What happens to your long-term savings plan after you turn 65?

Sixty-four is an important age not only for long-term saving, but also for your retirement plans. If you have an ongoing long-term savings contract that expires on or after your 65th birthday, it might be worth taking out another new contract that runs for longer. But why do that? The simple answer is to earn tax relief. That’s because even during retirement, you still often have to pay taxes.

What do you need to know as you approach 65?

If you’ve been paying into a pension savings scheme and it’s due to end soon, the related tax relief will end too. That comes at a time when you usually have to continue paying taxes after taking retirement. However, you can still put money into a long-term savings plan after retiring and continue earning up to 30% tax relief.

If your long-term savings contract ends on or after your 65th birthday, you have until the day before you turn 65 to take out a new contract that runs for longer. In fact, you can easily continue saving for the long term during retirement and continue benefiting from tax relief for many years if you still pay taxes during that time.

Important to know: when you enter into your new contract, opt right away for the highest amount you can possibly pay in (that amount depends on your annual net taxable income). You can always reduce that amount in the years that follow, but you can’t increase it – that would be detrimental as you would end up with a higher final tax bill.

A second savings contract of this kind must run for at least 10 years, at which point you pay a lump-sum final tax. After that, you can carry on saving in the years to come while continuing to benefit from tax relief.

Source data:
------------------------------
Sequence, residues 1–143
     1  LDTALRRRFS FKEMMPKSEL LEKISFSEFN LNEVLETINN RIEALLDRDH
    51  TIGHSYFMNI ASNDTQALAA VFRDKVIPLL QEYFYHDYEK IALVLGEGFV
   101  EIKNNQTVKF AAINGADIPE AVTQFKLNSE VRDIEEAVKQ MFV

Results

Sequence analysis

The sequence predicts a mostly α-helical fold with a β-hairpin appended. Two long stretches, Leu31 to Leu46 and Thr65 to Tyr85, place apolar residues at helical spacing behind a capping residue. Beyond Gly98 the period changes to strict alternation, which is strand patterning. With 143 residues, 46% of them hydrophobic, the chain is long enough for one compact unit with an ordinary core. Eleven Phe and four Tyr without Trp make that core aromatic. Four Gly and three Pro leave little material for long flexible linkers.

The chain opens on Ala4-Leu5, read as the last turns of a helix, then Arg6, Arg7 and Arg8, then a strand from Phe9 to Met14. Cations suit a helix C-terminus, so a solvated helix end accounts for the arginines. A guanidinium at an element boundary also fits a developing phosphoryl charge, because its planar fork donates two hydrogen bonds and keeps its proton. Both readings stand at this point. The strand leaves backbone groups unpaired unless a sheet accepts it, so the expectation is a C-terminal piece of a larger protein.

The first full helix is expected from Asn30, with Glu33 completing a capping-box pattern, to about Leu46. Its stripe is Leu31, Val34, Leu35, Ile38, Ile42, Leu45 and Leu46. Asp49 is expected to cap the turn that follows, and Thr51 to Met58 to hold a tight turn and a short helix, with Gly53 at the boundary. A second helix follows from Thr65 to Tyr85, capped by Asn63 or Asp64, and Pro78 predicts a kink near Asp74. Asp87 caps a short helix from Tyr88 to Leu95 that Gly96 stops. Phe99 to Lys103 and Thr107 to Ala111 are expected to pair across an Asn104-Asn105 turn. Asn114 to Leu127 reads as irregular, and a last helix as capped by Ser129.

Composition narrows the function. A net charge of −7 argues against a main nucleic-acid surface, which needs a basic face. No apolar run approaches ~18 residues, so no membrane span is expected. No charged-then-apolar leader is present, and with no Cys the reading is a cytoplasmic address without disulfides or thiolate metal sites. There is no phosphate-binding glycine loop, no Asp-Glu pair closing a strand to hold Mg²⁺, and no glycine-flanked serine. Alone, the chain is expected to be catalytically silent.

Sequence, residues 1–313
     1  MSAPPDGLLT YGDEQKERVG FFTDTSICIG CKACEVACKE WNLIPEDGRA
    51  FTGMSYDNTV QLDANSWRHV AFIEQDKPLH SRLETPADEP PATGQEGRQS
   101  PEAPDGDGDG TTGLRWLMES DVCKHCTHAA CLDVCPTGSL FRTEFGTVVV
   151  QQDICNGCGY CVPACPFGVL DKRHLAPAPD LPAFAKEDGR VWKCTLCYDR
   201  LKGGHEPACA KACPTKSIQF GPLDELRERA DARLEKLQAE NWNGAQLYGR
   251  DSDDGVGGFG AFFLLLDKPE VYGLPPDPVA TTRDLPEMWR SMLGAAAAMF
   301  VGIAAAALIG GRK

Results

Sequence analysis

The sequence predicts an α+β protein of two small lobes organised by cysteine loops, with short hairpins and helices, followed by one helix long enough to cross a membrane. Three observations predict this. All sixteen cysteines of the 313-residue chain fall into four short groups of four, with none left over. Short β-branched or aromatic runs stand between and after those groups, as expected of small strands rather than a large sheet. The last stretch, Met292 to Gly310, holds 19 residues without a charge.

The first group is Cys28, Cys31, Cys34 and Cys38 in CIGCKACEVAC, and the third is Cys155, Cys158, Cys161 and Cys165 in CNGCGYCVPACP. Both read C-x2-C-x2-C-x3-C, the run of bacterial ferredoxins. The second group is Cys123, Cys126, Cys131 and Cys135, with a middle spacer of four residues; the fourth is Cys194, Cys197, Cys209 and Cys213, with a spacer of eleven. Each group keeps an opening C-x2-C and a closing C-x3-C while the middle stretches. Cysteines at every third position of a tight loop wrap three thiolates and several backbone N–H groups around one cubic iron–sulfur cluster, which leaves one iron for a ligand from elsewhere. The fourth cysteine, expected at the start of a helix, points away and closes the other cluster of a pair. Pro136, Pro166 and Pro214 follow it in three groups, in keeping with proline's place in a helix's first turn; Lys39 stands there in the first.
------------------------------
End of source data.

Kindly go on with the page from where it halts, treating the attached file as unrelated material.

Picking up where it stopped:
We’d be happy to look into whether a new tax-efficient savings contract would be your best option and to work out your ideal savings amount.

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Don't have a long-term savings plan, but are interested in one?

You have until the day before you turn 65 to start long-term saving. The big advantage is that you may continue long-term saving even during retirement, whereas pension saving has an end date. It means you can also benefit from tax relief after retiring, because even then most people still have to pay taxes.

How to start long-term saving

What’s the situation if you’ve already turned 65 or are older and you’re not engaged in long-term saving?

Unfortunately, the law does not allow you to enter into a new long-term savings contract after you turn 65. However, there are other ways to be canny with your money. If you have a decent amount of savings and you have the financial leeway, you could start investing. You can always start off by investing small sums of money without having to become a specialist to do so. Interested? Check out the three most popular solutions for new investors.

See how easy it is to start investing